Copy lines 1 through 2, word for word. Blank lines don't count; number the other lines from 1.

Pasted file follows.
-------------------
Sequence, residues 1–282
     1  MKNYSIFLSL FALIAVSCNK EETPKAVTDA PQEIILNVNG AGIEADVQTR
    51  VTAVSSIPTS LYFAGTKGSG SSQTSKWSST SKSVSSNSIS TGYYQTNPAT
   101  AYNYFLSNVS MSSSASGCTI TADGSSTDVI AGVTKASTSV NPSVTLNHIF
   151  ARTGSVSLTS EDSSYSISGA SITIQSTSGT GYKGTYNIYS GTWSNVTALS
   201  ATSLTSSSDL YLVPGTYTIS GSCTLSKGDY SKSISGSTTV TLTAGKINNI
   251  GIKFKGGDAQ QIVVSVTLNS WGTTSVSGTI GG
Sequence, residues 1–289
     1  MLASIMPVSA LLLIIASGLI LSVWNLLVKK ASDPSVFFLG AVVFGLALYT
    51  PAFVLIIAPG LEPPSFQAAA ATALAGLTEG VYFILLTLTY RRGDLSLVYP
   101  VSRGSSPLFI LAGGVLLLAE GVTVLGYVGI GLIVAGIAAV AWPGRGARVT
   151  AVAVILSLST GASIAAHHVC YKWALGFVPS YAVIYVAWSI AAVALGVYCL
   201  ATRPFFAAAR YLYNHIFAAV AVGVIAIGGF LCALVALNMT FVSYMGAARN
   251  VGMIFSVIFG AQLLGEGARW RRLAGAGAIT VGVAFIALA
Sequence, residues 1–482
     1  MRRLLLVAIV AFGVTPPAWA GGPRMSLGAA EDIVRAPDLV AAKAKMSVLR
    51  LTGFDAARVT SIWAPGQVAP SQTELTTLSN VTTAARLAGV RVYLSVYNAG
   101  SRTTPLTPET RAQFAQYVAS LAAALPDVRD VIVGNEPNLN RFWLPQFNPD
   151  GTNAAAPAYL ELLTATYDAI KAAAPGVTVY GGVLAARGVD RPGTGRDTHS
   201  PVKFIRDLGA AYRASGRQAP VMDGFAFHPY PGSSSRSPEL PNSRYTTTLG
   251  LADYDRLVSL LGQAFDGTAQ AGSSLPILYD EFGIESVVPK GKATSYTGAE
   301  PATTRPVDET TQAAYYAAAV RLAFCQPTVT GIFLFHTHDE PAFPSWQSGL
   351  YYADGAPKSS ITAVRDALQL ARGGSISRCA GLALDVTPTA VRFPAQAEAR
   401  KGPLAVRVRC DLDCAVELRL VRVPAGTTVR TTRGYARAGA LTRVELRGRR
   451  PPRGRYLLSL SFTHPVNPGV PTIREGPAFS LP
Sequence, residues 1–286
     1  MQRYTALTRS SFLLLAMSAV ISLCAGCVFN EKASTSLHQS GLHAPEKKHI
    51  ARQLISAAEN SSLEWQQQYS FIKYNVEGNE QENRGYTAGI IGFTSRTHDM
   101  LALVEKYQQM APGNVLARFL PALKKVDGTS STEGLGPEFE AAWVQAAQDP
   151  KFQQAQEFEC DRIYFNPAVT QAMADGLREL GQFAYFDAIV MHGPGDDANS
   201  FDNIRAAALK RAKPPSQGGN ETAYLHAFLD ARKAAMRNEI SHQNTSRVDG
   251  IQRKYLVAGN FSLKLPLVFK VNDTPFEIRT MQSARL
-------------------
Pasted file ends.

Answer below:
Sequence, residues 1–282
     1  MKNYSIFLSL FALIAVSCNK EETPKAVTDA PQEIILNVNG AGIEADVQTR